What's it like: At high water The Wall is a class III rapid that consists of a series of 3 to 4 surfable wave-holes that have eddy access, are retentive for all boat lengths, and allow all wave and hole freestyle tricks to be done. However, as the water levels fall, the waves become smaller, some disappear, and the eddy becomes unattainable from below.
Below 58.5 - eddy is small, you have to portage up island for each ride, waves are small.
58.5 - the eddy is in, but rope needed to reattain the top
58.7 - you can paddle up the eddy with effort
59.0 - the eddy is full with little effort needed to paddle up, the waves are steep and retentive
Above 59.1 - you are recirculated to the top of eddy and the waves continue to be great. The higher the water level the more the the playspots become breaking waves and lose their hole character.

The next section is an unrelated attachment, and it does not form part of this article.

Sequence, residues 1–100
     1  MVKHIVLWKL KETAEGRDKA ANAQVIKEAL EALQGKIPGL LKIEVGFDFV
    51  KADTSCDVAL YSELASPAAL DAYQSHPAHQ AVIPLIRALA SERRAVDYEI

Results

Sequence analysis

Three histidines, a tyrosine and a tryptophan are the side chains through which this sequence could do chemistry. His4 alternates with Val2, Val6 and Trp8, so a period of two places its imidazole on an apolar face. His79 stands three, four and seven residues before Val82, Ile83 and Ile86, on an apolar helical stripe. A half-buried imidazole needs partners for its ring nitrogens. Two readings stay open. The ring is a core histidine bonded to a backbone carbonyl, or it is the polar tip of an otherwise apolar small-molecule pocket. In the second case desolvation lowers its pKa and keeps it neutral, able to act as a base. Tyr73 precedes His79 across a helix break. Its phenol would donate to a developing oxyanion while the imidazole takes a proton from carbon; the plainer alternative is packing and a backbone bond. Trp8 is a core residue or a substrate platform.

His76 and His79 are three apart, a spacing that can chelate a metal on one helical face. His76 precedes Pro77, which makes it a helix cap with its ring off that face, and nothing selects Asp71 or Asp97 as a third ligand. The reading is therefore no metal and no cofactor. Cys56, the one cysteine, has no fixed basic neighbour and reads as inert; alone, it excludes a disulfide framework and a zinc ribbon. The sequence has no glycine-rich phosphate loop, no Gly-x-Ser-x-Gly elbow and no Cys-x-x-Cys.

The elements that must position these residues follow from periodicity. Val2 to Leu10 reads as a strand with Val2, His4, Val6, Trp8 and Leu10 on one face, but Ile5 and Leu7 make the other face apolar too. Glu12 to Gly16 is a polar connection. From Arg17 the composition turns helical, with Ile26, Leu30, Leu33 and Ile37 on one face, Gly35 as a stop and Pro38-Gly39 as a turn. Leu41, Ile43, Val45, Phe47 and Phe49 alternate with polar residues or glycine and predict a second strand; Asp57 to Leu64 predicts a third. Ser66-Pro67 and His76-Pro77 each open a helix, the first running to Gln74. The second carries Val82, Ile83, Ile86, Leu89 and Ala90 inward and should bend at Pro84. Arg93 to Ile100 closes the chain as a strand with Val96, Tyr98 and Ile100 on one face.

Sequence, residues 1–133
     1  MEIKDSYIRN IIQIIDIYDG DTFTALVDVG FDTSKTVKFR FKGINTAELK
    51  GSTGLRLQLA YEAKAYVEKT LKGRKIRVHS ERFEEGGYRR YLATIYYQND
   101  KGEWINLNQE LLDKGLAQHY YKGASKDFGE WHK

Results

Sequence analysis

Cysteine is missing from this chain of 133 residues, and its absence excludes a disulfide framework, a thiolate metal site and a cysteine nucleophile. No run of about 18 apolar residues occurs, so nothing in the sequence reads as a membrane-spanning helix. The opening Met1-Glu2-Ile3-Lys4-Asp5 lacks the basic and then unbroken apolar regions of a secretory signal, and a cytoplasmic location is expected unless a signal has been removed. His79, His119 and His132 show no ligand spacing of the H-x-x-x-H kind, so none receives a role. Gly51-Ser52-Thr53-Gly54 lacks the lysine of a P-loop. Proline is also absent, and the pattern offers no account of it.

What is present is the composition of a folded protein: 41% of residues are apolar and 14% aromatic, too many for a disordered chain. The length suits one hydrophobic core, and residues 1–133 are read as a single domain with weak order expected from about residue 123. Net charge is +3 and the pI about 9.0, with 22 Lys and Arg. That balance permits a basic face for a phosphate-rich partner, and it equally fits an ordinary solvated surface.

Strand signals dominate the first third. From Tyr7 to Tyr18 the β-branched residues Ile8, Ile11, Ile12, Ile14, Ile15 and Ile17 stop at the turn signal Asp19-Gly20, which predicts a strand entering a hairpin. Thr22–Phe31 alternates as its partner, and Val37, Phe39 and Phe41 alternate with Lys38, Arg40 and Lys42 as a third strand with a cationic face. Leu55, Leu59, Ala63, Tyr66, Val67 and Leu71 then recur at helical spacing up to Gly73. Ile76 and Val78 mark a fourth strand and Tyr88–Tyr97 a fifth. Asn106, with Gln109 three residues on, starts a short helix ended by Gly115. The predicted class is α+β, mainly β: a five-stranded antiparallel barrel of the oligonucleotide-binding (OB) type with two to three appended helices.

Champlain surfing at 59.3 on the Britannia Gauge.
Safety Concerns: In the spring and fall the water is cold so make sure that you are wearing the appropriate insulating equipment like Farmer Johns, dry pants, a dry top, gloves / mits / pogies, and head insulation to prevent those ice cream headaches. Make sure that you carry the appropriate rescue equipment like tow-lines, throw bags, and a first-aid kit. Moreover, the water is flowing through here quite fast and, as such, you should never paddle alone! Paddle with a group of experienced paddlers. Every year someone paddles there alone or with someone that doesn't have rescue training or the appropriate rescue gear, and there is a swimmer that gets taken far downstream and is in the water for a long time. This is a risk for hypothermia, hospitalization, and even death. If you are not an experienced paddler this is not the time of year to learn here. Wait until the warm summer water is around.
How to get there: The Champlain Bridge is located in the western part of the City of Ottawa, in Ontario, Canada. The bridge links Ottawa with the Aylmer section of Gatineau Quebec. To get there from Ottawa take Island Park Drive north and it eventually becomes the Champlain Bridge. Exit at Bate Island and park. The waves are right beside the parking lot. From the Quebec side of the river take Boulevard Lucerne or Boulevard D'Aylmer until they intersect with the Champlain Bridge.